The 1984-85 wrestling team posted a 14-2-1 team record and advanced further in the WPIAL team championships than any other Gateway team had before. Kevin was fortunate to practice regularly with outstanding wrestlers: Deno Castellano (heavyweight), RD McKinley (167 lbs, GSHF 2008), and even Coach Lukitsch. When the opportunity presented itself, rubbing the coach’s nose in the mat was an especially satisfying way to blow off steam. Kevin was section champ that year, as were RD and Deno, and together the three heavies anchored the strong lineup, which included two more section champs (Tim D’Amico, GSHF 2001, and Darryl Crawford) at lighter weights.
Kevin graduated as valedictorian in 1985 and was chosen the WPIAL scholar-athlete of the year, which carried the four-year Herb McCracken scholar-athlete fellowship. He also received the Westinghouse four-year scholarship and a National Merit scholarship.
Kevin’s fondest memories of high school sports are of the tremendous support from the parents’ boosters clubs and cheerleaders, especially Beth Clark; the camaraderie of his teammates; and the strong leadership and personalities of his coaches, including the iconic Pete Antimarino, the colorful Art Betts, and of course Dick Bane and Bill Lukitsch. Bane and Lukitsch clearly enjoyed working together, and this atmosphere carried over to the attitude of the team. Tough practices were occasionally punctuated by the spectacle of wrestlers playing water polo in the pool or trying to follow along to an aerobics video.
Kevin was recruited to Princeton, where he gave up dieting, bulked up to 260 lbs by his senior year, and played defensive tackle and wrestled heavyweight. He became a starter at heavyweight as a freshman, recording one of the fastest pins in Princeton history (15 seconds) and helping the team to the Ivy League title. He became a regular on the football team his sophomore year and a starter his junior year. His career at Princeton was curtailed by two ACL tears, one in each knee, during his junior and senior football seasons. He still managed to earn five athletic letters at Princeton and was awarded the Charles Caldwell scholarship for outstanding student athletes continuing for a graduate degree. Kevin graduated with honors in electrical engineering in 1989.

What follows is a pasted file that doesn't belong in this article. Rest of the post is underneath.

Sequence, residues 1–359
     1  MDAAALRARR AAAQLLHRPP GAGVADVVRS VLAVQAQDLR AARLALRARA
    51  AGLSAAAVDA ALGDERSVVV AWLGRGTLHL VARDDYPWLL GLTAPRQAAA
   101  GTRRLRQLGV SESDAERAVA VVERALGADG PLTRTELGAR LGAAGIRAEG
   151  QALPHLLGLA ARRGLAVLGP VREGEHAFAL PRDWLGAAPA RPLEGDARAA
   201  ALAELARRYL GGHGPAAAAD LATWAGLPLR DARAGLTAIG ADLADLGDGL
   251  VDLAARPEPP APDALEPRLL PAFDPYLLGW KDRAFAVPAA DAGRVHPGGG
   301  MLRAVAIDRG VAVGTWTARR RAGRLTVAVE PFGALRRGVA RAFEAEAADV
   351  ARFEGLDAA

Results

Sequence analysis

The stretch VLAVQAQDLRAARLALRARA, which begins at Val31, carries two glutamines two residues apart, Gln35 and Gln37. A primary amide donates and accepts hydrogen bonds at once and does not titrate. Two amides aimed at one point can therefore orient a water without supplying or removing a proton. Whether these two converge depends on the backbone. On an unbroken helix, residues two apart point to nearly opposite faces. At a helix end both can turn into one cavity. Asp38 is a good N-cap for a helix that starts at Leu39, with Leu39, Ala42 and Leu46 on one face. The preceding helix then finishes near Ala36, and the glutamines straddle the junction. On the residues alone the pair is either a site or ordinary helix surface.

Kevin returned to the Pittsburgh area for graduate school, earning his PhD in robotics from Carnegie Mellon. During those years he was proud to watch his younger brother Michael suit up in black and gold as the center for the Gators football team.
After graduating from Carnegie Mellon, Kevin spent a year in Japan as a postdoctoral fellow at a government research lab. In 1997 he joined Northwestern University in Evanston, Illinois, where he is currently Professor of Mechanical Engineering and Codirector of the Northwestern Institute on Complex Systems. He is the co-author of a textbook on robotics, a Fellow of the Institute for Electrical and Electronics Engineers (IEEE), a former member of DARPA’s Defense Science Study Group, Senior Editor of the IEEE Transactions on Robotics and the IEEE Transactions on Automation Science and Engineering, and the recipient of the Robotics and Automation Early Career Award, the National Science Foundation CAREER award and Northwestern’s McCormick Professorship of Teaching Excellence, the highest teaching honor accorded by the university. His research in robotics is funded by the National Science Foundation, the Office of Naval Research, the National Institutes of Health, and the National Geospatial Intelligence Agency, among other agencies.
Kevin’s work today is devoted to teaching and learning through research. He believes that teaching, in the classroom or on the field, is among the highest of callings. He thanks his coaches for their influence in his life. Most of all he thanks his parents, Mike and Joan, who have supported him tirelessly in everything he has done.